Americans flocked to churches in Rome, town halls in England and an Irish pub in Hong Kong on Tuesday to vote in a Democrats Abroad primary.
The voting will determine who gets the 11 votes allocated to Democrats Abroad at the Democratic National Convention in August. The group is allowing online voting - a first for voters overseas - that will continue for one week.
Porchester Hall in central London was jammed with high-spirited voters Tuesday evening as rival groups backing Hillary Rodham Clinton and Barack Obama chanted and waved banners for their candidates.
Republicans, meanwhile, made their Super Tuesday choices known through absentee ballots and predicted their party would unite behind whomever is nominated.
Most Democrats abroad focused on the contest between Clinton and Obama.
"I'm voting for Hillary. I'd like to see a woman in the White House," said Alison Kurke, who voted at the American Episcopal Church of St. Paul's in Rome. "I think she can hit the ground running. She's got the experience, she's got the brains."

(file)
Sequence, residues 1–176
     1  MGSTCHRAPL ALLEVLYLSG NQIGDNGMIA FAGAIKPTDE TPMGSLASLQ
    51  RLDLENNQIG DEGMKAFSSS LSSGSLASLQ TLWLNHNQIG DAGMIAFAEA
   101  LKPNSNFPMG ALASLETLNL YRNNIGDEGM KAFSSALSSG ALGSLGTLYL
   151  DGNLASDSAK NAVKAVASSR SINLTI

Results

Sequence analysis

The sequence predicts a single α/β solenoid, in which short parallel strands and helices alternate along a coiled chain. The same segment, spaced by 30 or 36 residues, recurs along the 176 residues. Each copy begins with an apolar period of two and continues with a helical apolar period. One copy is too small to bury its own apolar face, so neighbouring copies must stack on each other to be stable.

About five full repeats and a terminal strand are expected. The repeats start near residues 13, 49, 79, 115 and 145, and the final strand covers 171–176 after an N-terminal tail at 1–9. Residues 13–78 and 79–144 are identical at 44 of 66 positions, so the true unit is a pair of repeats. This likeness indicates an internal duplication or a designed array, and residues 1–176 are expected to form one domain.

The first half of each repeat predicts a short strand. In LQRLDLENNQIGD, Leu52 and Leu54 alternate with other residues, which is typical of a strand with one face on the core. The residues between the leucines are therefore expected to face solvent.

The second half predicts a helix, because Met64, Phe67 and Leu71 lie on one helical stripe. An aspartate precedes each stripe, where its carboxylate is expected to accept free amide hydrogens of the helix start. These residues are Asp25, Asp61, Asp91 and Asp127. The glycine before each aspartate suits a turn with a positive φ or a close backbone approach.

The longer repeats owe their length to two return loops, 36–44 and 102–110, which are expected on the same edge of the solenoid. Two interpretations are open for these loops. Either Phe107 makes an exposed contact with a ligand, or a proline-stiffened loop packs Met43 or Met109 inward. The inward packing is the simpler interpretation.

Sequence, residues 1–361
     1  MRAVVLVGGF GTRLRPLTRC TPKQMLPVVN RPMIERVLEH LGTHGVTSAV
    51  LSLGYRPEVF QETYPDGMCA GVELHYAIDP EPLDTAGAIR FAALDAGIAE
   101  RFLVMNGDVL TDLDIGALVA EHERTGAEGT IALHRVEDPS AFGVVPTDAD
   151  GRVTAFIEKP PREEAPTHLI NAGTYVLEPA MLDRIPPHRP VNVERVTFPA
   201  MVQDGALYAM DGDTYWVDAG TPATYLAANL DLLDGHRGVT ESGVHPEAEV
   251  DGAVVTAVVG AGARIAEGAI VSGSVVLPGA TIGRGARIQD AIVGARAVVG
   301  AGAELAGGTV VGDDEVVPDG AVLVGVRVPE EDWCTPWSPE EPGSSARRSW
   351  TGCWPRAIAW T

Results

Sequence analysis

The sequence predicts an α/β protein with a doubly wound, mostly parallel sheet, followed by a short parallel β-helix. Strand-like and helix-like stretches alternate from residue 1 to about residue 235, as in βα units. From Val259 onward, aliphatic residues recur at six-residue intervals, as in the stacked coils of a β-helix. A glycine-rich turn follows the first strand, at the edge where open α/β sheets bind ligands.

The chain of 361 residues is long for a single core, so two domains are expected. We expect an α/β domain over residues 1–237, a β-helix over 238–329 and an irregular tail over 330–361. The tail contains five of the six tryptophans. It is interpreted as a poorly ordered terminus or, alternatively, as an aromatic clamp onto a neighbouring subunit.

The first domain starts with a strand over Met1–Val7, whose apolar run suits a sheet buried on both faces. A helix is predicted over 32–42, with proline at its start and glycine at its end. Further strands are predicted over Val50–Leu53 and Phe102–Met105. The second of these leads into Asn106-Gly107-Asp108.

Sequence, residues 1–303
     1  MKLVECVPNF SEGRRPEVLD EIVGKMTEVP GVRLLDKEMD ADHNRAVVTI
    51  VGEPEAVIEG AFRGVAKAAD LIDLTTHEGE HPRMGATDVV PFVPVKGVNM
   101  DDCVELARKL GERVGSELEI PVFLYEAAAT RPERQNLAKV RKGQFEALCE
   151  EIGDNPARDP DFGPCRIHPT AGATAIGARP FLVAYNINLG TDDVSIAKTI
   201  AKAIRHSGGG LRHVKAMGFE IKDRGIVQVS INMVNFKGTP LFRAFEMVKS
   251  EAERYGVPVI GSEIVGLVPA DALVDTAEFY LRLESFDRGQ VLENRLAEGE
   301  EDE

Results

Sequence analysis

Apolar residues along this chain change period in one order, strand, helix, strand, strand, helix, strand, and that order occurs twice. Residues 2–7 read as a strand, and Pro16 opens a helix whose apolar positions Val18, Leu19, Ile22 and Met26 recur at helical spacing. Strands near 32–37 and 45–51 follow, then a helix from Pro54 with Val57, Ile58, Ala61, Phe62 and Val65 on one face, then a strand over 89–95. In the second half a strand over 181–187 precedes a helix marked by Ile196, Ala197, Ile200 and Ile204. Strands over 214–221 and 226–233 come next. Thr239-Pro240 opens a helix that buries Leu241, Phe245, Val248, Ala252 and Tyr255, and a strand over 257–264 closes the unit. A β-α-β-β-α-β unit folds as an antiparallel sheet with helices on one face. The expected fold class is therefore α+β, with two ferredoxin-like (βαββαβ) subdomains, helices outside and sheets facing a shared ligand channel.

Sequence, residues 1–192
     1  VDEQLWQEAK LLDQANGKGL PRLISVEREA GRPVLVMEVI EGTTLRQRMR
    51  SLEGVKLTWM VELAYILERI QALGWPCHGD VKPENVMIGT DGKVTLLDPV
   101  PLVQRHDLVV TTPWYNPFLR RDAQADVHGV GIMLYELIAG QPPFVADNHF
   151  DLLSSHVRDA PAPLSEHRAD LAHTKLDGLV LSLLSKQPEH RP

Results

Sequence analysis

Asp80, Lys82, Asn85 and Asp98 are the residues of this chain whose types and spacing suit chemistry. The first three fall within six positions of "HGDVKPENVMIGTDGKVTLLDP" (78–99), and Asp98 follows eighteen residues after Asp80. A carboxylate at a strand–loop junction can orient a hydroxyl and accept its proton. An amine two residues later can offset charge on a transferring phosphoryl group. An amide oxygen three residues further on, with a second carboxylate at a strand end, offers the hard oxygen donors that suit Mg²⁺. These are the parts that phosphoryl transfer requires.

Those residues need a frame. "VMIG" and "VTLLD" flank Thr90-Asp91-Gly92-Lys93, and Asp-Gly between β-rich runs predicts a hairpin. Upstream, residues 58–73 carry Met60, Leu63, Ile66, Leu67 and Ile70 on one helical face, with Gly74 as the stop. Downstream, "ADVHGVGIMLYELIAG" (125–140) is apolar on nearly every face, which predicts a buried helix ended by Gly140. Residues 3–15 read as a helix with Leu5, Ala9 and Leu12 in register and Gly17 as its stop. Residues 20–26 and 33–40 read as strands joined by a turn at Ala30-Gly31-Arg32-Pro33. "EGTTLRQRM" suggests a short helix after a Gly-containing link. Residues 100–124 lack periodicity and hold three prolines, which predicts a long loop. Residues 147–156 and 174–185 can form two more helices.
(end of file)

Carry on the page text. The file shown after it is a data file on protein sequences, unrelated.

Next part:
But James McGuire, a 24-year-old Web site developer from Massachusetts who traveled to Rome from the Umbrian town of Orvieto, favored Obama.
"I think it's one of the most important in years," he said of the 2008 election. "If we do not get Barack Obama in the presidency, then we will have two families for over 20 years in the American political system. And I think that's unacceptable."
Americans voting overseas on Super Tuesday said they were particularly influenced by the candidates' foreign policy credentials. Democrats said they wanted a president who would steer the U.S. away from the Bush administration's foreign policies.
"We need a dramatic change in tone and tenor, and we need someone who truly, genuinely understands other cultures and can project that to the world," said Clifford Aron, 50, a businessman from Brooklyn who lives in Warsaw.
Turnout for the Democrats Abroad primary was expected to be high and results will be announced later this month.
Republicans Abroad did not have live or online voting. Republicans Abroad United Kingdom chairman Miki Bowman conceded the Democrats seem more energized now but predicted this would change after the candidates are chosen.
"I think our candidates are much less polarizing than the Democratic candidates, and we're confident whoever gets nominated has the likelihood of winning the presidency," she said.